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  • Case report
  • Open Access
  • Open Peer Review

Posterior reversible encephalopathy syndrome in association with exacerbation of chronic obstructive pulmonary disease: a case report

BMC Neurology201818:180

https://doi.org/10.1186/s12883-018-1188-z

  • Received: 10 October 2017
  • Accepted: 24 October 2018
  • Published:
Open Peer Review reports

Abstract

Background

Posterior reversible encephalopathy syndrome (PRES) is a reversible clinical and neurological entity. There are varieties of comorbid conditions which are associated with PRES. Chronic obstructive pulmonary disease (COPD) is a rare predisposing factor for the development of PRES.

Case presentation

A 55 year old female who was being treated for acute exacerbation of COPD developed altered sensorium and multiple episodes of seizure. Characteristic imaging findings and associated clinical symptoms led us to a diagnosis of PRES in our patient.

Conclusion

Association of PRES and COPD is a rare entity. The diagnosis of PRES should be brought to mind if there is encephalopathy or seizure in COPD exacerbation.

Keywords

  • Chronic obstructive pulmonary disease
  • Posterior reversible encephalopathy syndrome
  • Encephalopathy
  • Seizure

Background

Posterior Reversible Encephalopathy Syndrome (PRES) is characterized by headache, seizure, altered mental status and visual disturbances. It is a clinical and radiological entity and typically causes reversible changes in the posterior circulation system of the brain [1]. The association of PRES has been described frequently with number of medical conditions like hypertensive encephalopathy, eclampsia, and the use of cytotoxic and immunosuppressant drugs [2]. To the best of our knowledge, there are few case reports of PRES in the background of Chronic obstructive pulmonary disease (COPD). Here, we present a case of a 55 year old female with COPD exacerbation developing the characteristics features of PRES.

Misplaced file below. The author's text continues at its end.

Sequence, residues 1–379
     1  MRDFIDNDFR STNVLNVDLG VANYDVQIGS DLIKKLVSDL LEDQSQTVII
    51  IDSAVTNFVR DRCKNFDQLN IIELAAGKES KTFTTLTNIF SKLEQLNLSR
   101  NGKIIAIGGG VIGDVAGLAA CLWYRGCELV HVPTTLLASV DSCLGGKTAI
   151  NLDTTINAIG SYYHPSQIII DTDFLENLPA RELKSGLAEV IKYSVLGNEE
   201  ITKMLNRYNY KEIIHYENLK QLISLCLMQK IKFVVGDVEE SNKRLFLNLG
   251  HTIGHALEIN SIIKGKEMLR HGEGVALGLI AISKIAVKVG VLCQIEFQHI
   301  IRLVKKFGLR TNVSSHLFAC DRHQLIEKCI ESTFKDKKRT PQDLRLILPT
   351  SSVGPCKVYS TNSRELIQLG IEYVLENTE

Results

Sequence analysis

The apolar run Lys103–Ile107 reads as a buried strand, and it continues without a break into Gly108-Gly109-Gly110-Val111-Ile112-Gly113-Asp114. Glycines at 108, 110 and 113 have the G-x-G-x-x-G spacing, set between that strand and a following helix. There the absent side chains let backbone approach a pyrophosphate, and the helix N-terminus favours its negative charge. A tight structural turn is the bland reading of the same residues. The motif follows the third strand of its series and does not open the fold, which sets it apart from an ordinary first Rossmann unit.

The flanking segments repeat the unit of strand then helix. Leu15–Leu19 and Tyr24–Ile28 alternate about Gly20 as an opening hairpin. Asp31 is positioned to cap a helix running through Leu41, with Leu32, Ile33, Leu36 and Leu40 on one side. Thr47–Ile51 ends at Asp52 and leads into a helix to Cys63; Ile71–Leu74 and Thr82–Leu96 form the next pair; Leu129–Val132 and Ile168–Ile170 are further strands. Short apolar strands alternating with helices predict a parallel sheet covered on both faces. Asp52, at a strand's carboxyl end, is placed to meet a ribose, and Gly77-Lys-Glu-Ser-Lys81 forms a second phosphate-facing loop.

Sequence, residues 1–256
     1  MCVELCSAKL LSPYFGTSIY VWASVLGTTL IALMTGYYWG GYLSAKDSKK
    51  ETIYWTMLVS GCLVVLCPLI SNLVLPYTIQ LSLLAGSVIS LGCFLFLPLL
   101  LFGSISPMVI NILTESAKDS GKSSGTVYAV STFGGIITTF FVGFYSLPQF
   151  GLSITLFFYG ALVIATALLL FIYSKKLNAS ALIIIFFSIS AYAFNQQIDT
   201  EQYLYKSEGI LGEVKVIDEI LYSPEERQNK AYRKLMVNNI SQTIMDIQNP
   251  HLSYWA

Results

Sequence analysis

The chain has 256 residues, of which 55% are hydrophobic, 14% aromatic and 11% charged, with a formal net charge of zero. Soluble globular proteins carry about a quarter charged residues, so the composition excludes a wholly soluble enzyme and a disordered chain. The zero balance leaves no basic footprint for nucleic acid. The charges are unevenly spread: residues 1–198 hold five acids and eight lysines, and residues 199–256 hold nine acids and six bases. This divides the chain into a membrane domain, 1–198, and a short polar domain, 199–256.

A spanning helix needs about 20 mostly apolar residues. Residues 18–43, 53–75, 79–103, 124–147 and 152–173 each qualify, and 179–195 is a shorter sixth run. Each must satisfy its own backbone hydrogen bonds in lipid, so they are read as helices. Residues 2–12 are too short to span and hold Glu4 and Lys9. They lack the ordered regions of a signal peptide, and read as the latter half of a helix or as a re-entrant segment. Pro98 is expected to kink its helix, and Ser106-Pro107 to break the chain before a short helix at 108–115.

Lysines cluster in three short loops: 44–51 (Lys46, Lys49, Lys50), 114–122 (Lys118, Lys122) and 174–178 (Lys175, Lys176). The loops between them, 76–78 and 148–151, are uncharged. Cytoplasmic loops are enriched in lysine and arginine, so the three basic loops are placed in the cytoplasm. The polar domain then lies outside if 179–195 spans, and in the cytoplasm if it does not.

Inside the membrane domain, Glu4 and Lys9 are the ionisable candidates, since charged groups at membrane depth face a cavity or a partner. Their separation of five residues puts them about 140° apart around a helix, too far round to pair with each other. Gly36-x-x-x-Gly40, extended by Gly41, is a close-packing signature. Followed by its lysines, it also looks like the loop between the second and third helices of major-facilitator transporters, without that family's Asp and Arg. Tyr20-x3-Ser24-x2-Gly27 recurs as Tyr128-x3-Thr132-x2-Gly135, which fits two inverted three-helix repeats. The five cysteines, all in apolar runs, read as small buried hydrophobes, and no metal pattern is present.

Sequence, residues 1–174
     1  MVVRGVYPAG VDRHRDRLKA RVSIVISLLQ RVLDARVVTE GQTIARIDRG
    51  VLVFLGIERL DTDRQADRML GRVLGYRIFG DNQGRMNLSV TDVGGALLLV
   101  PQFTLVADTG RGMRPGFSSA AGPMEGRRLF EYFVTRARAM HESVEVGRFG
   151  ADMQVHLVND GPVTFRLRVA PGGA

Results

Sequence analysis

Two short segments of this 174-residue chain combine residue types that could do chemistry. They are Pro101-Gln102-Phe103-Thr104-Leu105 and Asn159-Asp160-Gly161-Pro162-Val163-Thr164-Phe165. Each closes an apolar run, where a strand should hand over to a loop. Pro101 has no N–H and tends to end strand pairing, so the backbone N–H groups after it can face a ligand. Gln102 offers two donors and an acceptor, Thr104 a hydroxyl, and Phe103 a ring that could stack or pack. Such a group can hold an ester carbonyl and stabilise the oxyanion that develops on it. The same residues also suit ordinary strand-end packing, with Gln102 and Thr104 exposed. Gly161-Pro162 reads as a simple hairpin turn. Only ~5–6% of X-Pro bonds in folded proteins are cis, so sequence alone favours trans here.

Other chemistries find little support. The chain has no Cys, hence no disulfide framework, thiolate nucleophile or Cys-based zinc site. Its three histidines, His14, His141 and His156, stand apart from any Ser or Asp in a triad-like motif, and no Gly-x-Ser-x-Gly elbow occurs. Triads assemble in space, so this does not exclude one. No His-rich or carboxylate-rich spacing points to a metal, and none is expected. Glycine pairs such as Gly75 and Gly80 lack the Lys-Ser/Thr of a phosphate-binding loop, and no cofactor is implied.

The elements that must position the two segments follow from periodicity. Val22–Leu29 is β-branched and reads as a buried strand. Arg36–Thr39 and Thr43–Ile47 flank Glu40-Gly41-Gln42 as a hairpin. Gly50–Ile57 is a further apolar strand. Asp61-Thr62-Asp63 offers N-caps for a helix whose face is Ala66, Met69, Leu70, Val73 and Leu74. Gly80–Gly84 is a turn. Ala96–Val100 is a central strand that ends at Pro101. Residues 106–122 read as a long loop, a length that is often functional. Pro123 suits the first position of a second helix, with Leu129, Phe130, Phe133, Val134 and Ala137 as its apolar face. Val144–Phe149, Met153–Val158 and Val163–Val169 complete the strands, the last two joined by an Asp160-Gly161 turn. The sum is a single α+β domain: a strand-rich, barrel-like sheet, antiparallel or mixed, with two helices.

Case presentation

A 55 year old female patient was being treated at local hospital for 3 days symptoms suggestive of acute exacerbation of COPD. She was referred to our center for further management after she developed multiple episodes of seizure followed by loss of consciousness on the first day of hospital admission. The patient’s relatives revealed that she had history of COPD for last 5 years but was not compliant to inhaler medications. Her family history was unremarkable. She has been a smoker for the last 30 years. No other significant history was available.

On examination, the patient was drowsy, and was not obeying commands. She had a temperature of 37.6 °C, blood pressure of 130/80 mmHg, pulse rate of 96/min and respiratory rate of 26/min. She had widespread expiratory wheeze. While the patient was regaining consciousness, she reported of headache and a decreased vision. An ocular examination revealed normally reactive pupil and fundus. Cranial nerves examination was unremarkable. Motor and sensory function examination was normal. There was no any clinical sign of meningeal irritation.

Her laboratory tests on admission were as follows: hemoglobin, 17 g/dl; white blood cells, 12640 /Cumm; platelets, 155000 /Cumm; urea, 37 mg/ dl; creatinine 0.3 mg/dl; Na, 132 meq/L; K,4.6 meq/L. Chest X-radiography revealed emphysematous changes. Arterial blood gas finding showed the pH, 7.56; pCO2, 46.2; pO2, 81.0; HCO3, 41.5. Magnetic Resonance Imaging (MRI) demonstrated hyperintense lesions in the bilateral parieto-occipital region consistent with PRES (Fig.1).
Fig. 1
Fig. 1

MRI findings (T2 sequence (a), FLAIR (b)) showing the diffuse confluent white matter hyperintensities in bilateral parieto- occipital region